Chemotherapy-Induced Peripheral Neuropathy (CIPN)

Original Editor - Lucinda hampton

Top Contributors - Lucinda hampton  

Introduction[edit | edit source]

Chemotherapy-induced peripheral neuropathy (CIPN) commonly occurs as an adverse event following chemotherapy.

  • Typically presents as: Pain, burning, tingling, and loss of sensation in the distal extremities that spread from the hands and feet.
  • Typically spreads in a “stocking-glove pattern”
  • Causative agents include platinum-based medications (e.g., cisplatin), taxanes (e.g., paclitaxel), and vinca alkaloids (e.g., vincristine).[1]

CIPN can have an effect on the sensory, motor and/or autonomic nerves[2].

Currently there is no gold standard for diagnosis, no proven ways to lessen or stop this condition and treatment strategies are limited.[2]

CIPN regularly impacts chemotherapy, occasionally requiring the dose to be reduced or treatment ceased, effecting survival rates. Around 30% of patients will still have CIPN a year or more post chemotherapy[3].

Physiotherapy, in the form of exercise therapy, has been shown to have a role in reducing symptoms in CIPN[4].

Risk Factors[edit | edit source]

Include: Agent used, cumulative dose, how many treatment cycles and its duration, genetic susceptibility, age, any existing nerve damage, severity of acute symptom, chronic alcohol consumption.[2]

Treatment[edit | edit source]

Pharmacological: Pharmacological treatment for peripheral neuropathic pain is not very effective and also may have serious harmful consequences[5]. Treatment option for symptoms include:

  • Steroids, to lessen inflammation
  • Topical anesthetics
  • Antiseizure medications, which can help relieve nerve pain
  • Opioids
  • Antidepressants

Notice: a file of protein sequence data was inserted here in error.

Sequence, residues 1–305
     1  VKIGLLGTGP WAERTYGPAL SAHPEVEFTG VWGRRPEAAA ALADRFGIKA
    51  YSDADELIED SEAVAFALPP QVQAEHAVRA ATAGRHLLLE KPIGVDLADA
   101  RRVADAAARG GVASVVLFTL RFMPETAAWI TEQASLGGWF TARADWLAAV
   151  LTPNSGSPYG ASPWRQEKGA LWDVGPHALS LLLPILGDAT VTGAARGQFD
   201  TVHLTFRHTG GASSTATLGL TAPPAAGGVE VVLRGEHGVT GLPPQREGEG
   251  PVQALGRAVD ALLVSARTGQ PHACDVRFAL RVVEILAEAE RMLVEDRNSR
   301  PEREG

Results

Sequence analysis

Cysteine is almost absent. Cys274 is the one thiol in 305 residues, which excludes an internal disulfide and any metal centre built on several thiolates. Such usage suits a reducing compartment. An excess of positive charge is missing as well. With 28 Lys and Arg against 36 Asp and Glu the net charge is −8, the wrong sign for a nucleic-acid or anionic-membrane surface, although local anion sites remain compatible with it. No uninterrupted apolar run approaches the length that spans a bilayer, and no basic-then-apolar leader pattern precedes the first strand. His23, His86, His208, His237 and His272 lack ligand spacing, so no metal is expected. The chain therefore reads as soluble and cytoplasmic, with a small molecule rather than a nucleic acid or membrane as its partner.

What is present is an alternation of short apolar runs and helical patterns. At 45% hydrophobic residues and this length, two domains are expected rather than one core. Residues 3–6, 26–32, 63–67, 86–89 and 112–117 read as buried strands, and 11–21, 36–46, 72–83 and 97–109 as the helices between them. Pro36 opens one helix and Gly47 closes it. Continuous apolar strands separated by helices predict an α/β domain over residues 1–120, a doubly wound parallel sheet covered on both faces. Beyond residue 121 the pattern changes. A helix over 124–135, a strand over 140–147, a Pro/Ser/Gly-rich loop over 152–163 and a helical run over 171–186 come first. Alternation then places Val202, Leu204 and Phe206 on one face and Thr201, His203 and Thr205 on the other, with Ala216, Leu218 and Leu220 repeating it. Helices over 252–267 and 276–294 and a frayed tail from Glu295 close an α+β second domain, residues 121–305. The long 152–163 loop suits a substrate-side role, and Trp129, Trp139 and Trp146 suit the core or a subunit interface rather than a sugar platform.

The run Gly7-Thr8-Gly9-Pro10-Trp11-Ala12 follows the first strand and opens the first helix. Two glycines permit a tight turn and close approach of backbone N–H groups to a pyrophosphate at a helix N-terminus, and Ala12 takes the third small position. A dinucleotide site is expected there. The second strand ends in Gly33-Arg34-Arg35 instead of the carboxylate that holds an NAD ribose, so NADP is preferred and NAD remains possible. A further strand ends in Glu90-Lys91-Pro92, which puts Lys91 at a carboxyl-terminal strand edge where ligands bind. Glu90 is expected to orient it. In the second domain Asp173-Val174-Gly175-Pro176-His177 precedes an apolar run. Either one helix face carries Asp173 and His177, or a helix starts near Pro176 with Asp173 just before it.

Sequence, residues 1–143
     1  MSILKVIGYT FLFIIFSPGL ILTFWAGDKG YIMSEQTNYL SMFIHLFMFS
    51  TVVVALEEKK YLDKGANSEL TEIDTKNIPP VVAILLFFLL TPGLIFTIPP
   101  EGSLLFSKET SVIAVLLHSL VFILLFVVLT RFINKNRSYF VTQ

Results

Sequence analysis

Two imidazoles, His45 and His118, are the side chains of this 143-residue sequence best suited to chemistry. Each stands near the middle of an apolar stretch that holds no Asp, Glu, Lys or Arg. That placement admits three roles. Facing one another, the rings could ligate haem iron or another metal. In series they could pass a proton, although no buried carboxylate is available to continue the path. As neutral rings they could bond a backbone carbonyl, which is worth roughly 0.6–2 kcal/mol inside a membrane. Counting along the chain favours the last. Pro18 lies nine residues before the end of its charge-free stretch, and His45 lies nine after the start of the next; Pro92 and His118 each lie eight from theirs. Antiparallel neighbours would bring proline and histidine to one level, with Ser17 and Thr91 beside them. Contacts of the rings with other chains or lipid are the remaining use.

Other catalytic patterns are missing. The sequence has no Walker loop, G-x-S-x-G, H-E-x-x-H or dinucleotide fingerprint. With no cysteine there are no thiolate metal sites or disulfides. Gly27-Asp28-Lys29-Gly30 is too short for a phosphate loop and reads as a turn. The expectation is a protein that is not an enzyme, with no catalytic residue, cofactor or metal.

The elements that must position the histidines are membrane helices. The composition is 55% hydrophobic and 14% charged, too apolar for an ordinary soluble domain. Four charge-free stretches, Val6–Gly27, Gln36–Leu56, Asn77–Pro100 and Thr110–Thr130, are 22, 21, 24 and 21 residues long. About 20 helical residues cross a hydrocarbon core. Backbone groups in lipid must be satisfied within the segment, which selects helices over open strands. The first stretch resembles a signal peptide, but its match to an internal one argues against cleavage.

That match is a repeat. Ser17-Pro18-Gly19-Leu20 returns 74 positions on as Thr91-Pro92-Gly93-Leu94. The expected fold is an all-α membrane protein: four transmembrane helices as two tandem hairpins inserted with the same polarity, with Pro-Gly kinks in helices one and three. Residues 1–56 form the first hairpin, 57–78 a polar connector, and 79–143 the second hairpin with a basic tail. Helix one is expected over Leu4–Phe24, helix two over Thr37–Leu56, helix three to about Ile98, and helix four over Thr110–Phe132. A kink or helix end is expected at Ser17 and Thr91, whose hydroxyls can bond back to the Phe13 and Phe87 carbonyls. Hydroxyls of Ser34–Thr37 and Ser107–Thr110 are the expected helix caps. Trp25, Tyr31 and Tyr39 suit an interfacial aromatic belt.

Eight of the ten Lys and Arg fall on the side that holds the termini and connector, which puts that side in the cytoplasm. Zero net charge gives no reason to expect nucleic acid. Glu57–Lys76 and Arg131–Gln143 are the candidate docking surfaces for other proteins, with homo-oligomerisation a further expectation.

Non pharmacological:

Note. Recently published American Society of Clinical Oncology (ASCO) guidelines

  • Suggest strongly that duloxetine (a serotonin–norepinephrine reuptake inhibitor) is the only currently recommended treatment.
  • No recommendations for treatment of CIPN in regards to exercise therapy, acupuncture, scrambler therapy, gabapentin, pregabalin, topical gel treatment (containing baclofen/amitriptyline plus/minus ketamine), tricyclic antidepressants or oral cannabinoids.[2]

Physiotherapy[edit | edit source]

Physiotherapy is an important therapy intervention for people with neuropathies. Through individualised treatment plans and interventions, it aims to improve movement and relieve pain and discomfort. Also these clients are at increased risk of falls and home safety evaluations and assistive device may be needed[6]. The scope of these interventions ranges from strengthening exercises designed to address muscle weakness, to balance exercises that address fall risks. For more see here

References[edit | edit source]

  1. Amboss Chemotherapy Available from: (last accessed 24.8.2020)
  2. 2.0 2.1 2.2 2.3 Burgess J, Ferdousi M, Gosal D, Boon C, Matsumoto K, Marshall A, Mak T, Marshall A, Frank B, Malik RA, Alam U. Chemotherapy-induced peripheral neuropathy: epidemiology, pathomechanisms and treatment. Oncology and therapy. 2021 Dec 1:1-66.Available: (accessed 18.8.2023)
  3. Colvin LA. Chemotherapy-induced peripheral neuropathy (CIPN): where are we now?. Pain. 2019 May;160(Suppl 1):S1.Available: (accessed 19.8.2023)
  4. Jesson T, Runge N, Schmid AB. Physiotherapy for people with painful peripheral neuropathies: a narrative review of its efficacy and safety. Pain Reports. 2020 Sep;5(5).Available: 18.8.2023)
  5. Jesson T, Runge N, Schmid AB. Physiotherapy for people with painful peripheral neuropathies: a narrative review of its efficacy and safety. Pain Reports. 2020 Sep;5(5).Available: (accessed 19.8.2023)
  6. 6.0 6.1 Wasilewski A, Mohile N. Meet the expert: How I treat chemotherapy-induced peripheral neuropathy. Journal of Geriatric Oncology. 2021 Jan 1;12(1):1-5.Available: (accessed 22.8.2023)